by David Sisler

On June 12, 1994, Ronald Lyle Goldman, a 25-year-old waiter at a popular California restaurant, and Nicole Brown Simpson, a 35-year-old mother of two children and a former waitress, were knifed to death.

Five days later, the soon-to-be-charged suspect, huddled in the back of a white Ford Bronco, a gun pressed to his chin, was cheered by his fans who sat in lawn chairs along his anticipated route. After 266 days of sequestration jurors deliberated three hours. They had sat through 99 days of testimony and heard 72 witnesses. Their "Not Guilty" verdict, on October 3, 1995, set O. J. Simpson free 474 days after he was arrested and charged with the brutal double homicide.

On September 17, 1996, a wrongful death suit began in civil court against Orenthal James Simpson. This week that jury reached a different verdict. Guilty.

The "star" status of Mrs. Brown's ex-husband saw to it that the deaths of two people became a disgraceful exhibition. The distorting and deforming capacity of the media contrived to make the double homicide a ghastly national spectator sport.

"Twinkle, twinkle, little star,

How I wonder what you are.

Up above the world so high,

Like a diamond in the sky.

Twinkle, twinkle, little star,

How I wonder what you are!"

Ticker tape parades for heroes, adulation of celebrities, idolization of the life-styles of the rich and famous is almost as American as apple pie. It started a long time before Nicole Brown and Ronald Goldman were murdered. But their murders and the trials which followed epitomize our obsession with celebrities.

Another, equally tragic, case-in-point. Just minutes after close-up video footage of Bill Cosby's murdered son aired, anchorwoman Bobbie Battista said, "There was some tape that aired that showed a close-up of Ennis Cosby, and it was inappropriate to air that. We apologize for that, and to his family." God has blessed me with two sons (and two daughters). I can not imagine what it would be like to lose one of them, and from the simple viewpoint of being a father, I grieve with Mr. Cosby. Nevertheless CNN's apology was self-serving and hypocritical. Every murdered boy is someone's son, and I have yet to hear an apology for the footage shown of all of those dead sons whose fathers are not celebrities!

Somewhere we have forgotten that the particular skills which may bring an individual to our attention do not define that person. People are more than their athletic or artistic abilities. The achievements we admire do not represent the entirety of the individual. Talent, ingenuity and dexterity do not certify integrity and character. The qualities which define the real person are not determined by hall of fame votes, touchdowns scored, tournaments won, or trophies awarded. Media hype and public adulation clouds and covers that fact.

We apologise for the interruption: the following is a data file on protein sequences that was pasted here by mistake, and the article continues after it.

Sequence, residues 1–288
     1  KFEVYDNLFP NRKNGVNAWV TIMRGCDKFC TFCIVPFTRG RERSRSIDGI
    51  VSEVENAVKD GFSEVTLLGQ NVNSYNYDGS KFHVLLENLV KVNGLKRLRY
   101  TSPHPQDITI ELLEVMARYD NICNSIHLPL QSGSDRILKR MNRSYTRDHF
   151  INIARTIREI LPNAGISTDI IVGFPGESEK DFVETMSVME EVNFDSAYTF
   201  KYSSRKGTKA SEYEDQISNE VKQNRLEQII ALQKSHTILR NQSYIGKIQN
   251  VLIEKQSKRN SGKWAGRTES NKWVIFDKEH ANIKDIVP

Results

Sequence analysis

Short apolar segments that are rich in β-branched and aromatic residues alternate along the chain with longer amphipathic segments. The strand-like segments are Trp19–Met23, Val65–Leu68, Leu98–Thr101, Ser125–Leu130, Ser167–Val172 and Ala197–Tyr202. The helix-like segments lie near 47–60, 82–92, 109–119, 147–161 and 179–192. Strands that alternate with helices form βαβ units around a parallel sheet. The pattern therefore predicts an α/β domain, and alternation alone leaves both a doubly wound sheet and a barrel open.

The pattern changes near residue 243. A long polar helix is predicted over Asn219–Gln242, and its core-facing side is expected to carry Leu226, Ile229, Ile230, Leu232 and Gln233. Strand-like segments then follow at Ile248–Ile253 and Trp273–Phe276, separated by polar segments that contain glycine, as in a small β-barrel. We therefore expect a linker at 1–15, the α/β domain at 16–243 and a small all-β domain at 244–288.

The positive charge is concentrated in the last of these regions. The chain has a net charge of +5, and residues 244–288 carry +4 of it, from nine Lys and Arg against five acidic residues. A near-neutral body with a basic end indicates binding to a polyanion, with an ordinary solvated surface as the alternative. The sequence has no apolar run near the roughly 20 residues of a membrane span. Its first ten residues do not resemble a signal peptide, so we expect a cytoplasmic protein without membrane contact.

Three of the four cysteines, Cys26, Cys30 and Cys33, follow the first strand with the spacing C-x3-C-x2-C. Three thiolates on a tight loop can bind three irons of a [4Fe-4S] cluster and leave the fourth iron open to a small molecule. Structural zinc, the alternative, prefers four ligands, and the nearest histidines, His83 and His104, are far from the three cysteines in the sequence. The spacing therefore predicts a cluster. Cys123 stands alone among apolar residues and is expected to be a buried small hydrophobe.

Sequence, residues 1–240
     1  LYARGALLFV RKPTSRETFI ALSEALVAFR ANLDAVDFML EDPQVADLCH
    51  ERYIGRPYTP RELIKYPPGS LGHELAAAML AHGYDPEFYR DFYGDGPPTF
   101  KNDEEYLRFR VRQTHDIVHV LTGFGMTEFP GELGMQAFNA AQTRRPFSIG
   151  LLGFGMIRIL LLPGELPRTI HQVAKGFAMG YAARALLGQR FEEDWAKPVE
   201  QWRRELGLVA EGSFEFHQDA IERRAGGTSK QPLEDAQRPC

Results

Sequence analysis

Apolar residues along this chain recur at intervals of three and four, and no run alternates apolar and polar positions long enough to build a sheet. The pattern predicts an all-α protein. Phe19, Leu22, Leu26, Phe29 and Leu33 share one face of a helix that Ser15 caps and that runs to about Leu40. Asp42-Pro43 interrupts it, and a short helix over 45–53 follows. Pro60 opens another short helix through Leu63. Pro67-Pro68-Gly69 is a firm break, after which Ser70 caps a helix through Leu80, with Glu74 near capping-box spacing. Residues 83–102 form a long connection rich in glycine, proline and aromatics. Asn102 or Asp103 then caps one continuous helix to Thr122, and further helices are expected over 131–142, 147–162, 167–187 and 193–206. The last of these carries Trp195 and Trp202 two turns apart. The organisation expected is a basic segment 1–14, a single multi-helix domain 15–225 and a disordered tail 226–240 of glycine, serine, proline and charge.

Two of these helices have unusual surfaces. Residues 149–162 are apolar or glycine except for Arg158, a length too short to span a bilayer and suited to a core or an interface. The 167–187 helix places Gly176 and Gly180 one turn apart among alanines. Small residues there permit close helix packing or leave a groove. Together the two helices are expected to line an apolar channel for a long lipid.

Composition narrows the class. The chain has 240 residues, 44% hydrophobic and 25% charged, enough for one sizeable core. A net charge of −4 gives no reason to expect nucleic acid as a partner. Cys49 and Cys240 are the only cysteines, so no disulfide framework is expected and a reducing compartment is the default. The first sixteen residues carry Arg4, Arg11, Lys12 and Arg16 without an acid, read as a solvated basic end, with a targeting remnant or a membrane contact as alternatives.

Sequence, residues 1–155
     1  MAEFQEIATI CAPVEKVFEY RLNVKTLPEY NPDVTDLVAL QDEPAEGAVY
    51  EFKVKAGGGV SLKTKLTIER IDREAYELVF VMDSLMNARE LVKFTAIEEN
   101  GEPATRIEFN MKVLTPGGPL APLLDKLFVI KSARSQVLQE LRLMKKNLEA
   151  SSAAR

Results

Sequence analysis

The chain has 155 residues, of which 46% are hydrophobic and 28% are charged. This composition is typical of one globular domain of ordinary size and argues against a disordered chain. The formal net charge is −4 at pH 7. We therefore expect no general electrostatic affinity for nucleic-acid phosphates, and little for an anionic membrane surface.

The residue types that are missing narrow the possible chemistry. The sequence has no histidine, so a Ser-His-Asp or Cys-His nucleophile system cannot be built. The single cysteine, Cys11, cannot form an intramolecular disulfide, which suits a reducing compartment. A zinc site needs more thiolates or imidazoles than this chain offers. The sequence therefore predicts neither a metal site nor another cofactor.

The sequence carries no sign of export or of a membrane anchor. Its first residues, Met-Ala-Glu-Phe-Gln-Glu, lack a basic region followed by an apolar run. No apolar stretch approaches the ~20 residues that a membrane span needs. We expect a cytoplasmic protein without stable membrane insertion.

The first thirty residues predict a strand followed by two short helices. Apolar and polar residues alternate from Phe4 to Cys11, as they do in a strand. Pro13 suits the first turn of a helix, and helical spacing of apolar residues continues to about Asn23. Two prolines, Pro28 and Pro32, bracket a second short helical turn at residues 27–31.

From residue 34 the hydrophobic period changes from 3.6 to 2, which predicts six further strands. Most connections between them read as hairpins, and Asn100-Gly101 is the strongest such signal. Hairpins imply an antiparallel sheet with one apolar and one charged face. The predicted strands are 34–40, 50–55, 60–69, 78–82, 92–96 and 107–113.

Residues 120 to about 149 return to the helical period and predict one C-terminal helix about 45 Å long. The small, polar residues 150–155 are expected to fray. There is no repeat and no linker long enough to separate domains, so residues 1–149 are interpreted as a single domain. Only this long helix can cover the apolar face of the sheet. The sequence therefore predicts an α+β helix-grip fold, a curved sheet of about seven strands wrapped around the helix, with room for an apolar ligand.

"When the blazing sun is gone,

When he nothing shines upon,

Then you show your little light,

Twinkle, twinkle, all the night.

Twinkle, twinkle, little star,

How I wonder what you are!"

"A preponderance of the evidence" is a phrase which is no longer merely a line from a television drama. Preponderance, the noun. Preponderate, the verb: "to incline downward or descend, as one scale or end of a balance, because of greater weight." Disregarding Mark Furhman, disregarding the DNA evidence, disregarding the dried, shrunken gloves, disregarding the colossal egos of the attorneys on both sides of the criminal trial, who frequently projected the attitude that the whole spectacle was about them, and even momentarily disregarding the fact that she was murdered, the preponderance of the evidence said Nicole Brown Simpson was a victim of abuse at the hands of her ex-husband, O. J. Simpson.

According to the "Child/Family Interactive Network," battering is the greatest single cause of injury to women in the United States, more than by car accidents, rapes, and muggings combined. Many statistics exist which point to the severity of spousal abuse, some verified, some unverifiable, but that makes the problem no less real. One battered woman is one too many. By a preponderance of the evidence.

Spousal abuse is such a harsh reality of our modern lives that we should have been paying attention long before the torment of Nicole Brown. But until it happened to a celebrity, wife-beating was a dirty little secret which seldom made the front pages, let alone the national news night after night.

Nicole Brown and Ronald Goldman were murdered. Murder, the Bible says, is an attack upon God's image. When murder is made a spectacle, with the twisted reasoning that "the public has a right to know," the tragedy is trivialized and the lives taken are lost in the side show which results. Our supposed "right to know" (which is too often nothing more than a flimsy disguise for irresponsible journalism) dishonors the victims and it violates their families right to not to have their privacy penetrated and their grief besieged. In a climate where celebrity status is elevated over common decency, that is a lesson we may never learn.

"Then the traveler in the dark

Thanks you for your tiny spark;

He could not see which way to go,

If you did not twinkle so.

Twinkle, twinkle, little star,

How I wonder what you are!"


Published in the Augusta Chronicle 2/8/97

Copyright 1997 by David Sisler. All Rights Reserved.

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